the system was working properly with no LOW BATTERY Messages prior to them working on it.

Cheers  :821:


Online Novocastrian

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Re: TPMS Issues
« Reply #3 on: June 04, 2020, 08:56:20 PM »
*Originally Posted by Shemogolee [+]

My dealer looked at the system today and tells me the TPMS battery is low and the sensor needs to be replaced. If it is low why didn't I get the TPMS battery low warning? I've been through the manual and can't find an explanation that satisfies me .... Help please.

best regards, Shemogolee

Your dealer is probably right.  The batteries only last 3 to 4 years, depending on use.
Ken Hastie
TTSE, a handful of BSAs and an MGB

Offline digital

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Re: TPMS Issues
« Reply #4 on: June 04, 2020, 09:07:44 PM »
The ideal is to get a second-hand replacement TPMS sensor (that there are) and in some years take it with a new battery replaced by oneself and deliver it to the tire replacement workshop to change it. This way you would always have a spare with a new battery.

To replace the battery, it is not complicated. While you are watching the news on TV, take the opportunity to replace the battery.
Only motorcyclists know why dogs stick their head out the car window.


Offline Shemogolee

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Re: TPMS Issues
« Reply #5 on: June 04, 2020, 11:06:18 PM »
Thanks All,

Coconut ...

I did check the DTC Codes and the only one that showed up was 0000. I had the TPMS red warning light on and two dashed lines where the rear tire pressure should have been. The  TPMS Symbol was not flashing nor have I had any Low Pressure warnings.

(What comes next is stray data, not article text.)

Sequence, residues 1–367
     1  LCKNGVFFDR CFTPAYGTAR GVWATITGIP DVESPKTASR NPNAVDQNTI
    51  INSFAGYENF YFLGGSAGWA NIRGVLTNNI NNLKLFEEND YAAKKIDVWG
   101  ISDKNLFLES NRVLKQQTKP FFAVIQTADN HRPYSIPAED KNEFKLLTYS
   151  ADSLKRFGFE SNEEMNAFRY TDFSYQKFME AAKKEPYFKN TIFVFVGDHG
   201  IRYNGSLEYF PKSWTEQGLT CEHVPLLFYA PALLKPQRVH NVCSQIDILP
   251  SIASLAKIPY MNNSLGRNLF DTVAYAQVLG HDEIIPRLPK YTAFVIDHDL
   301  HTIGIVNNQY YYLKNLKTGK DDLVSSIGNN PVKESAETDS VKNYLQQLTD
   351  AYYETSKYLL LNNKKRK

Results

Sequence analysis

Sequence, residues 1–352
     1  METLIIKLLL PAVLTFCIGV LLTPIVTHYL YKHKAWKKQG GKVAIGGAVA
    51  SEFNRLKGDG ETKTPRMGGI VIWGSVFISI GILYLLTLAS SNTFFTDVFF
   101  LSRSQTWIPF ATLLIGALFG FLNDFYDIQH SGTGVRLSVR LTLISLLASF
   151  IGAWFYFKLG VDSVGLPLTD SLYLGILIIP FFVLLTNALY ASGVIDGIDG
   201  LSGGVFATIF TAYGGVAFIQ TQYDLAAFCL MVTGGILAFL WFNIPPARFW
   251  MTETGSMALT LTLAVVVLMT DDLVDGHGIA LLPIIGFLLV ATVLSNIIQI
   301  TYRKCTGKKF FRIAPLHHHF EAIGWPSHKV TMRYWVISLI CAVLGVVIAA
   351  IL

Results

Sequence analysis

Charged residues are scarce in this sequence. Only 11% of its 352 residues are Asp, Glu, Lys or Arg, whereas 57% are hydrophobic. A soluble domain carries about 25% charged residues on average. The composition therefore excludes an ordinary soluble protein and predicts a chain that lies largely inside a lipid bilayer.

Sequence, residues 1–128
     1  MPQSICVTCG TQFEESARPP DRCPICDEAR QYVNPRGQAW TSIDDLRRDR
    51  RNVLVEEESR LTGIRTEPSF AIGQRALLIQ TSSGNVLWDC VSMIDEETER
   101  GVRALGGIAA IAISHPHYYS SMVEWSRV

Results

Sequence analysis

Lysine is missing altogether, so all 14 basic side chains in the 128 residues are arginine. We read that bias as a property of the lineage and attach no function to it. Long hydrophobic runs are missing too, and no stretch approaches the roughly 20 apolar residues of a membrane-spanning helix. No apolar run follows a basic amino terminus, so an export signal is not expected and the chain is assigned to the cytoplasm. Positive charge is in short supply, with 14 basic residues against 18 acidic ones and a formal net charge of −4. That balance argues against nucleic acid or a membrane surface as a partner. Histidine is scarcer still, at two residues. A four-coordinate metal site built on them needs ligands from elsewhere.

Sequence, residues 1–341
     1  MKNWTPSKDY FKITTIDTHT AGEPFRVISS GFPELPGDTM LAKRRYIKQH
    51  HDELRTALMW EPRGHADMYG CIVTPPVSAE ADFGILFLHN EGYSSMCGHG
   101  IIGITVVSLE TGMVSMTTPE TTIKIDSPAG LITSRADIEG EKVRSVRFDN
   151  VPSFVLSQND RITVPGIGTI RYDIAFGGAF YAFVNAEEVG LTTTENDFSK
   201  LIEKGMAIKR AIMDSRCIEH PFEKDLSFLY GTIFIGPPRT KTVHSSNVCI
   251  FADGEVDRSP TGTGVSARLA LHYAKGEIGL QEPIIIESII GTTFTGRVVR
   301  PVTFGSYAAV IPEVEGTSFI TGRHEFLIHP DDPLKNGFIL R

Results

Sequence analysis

Code L0004, Rear wheel sensor fault alert, puts on the TPMS Warning Light with no other indications. That looks like the closest I can find to an explanation and seems to say that the sensor has either developed a fault on its own or been damaged during the tire change. The dealer has already told me he will discount the TPMS Unit and cover the cost of installation so we will see what else is revealed when the unit is installed.

best regards, Shemogolee
If you're not disciplined enough to apply your knowledge and skills you're an accident looking for a place to happen

Offline Coconut

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Re: TPMS Issues
« Reply #6 on: June 05, 2020, 07:15:19 AM »
P0000 is good - It means there are no DTC's stored.

It will be interesting to see what is found when the Sensor is removed.  :169:

Cheers  :821:


Offline Saddle Tramp

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Re: TPMS Issues
« Reply #7 on: June 05, 2020, 01:18:11 PM »
I wouldn’t be surprised if your TPMS sensor was missing altogether when your Dealer removes the tire. I happened to be watching last Summer as a local independent motorcycle shop replaced the tires for my GS for me as I waited. As he was breaking the bead on the mounted TKC-70 rear tire, it broke free and proceeded to snap the TPMS sensor off at the same moment. He was so intent on what he was doing, that he didn’t even notice the sensor fly away. Luckily the story had a good ending because, unlike Triumph, BMW sells a replacement stem for the sensor for when accidents like this invariably happen. The closest BMW Dealer had the stem in stock, and I was back on the road a day later. It cost the shop about $15 to repair his mistake, so he wasn’t terribly disappointed either. Given that the BMW Dealer had replacement stems in stock, I suspect that this problem happens more often than you think...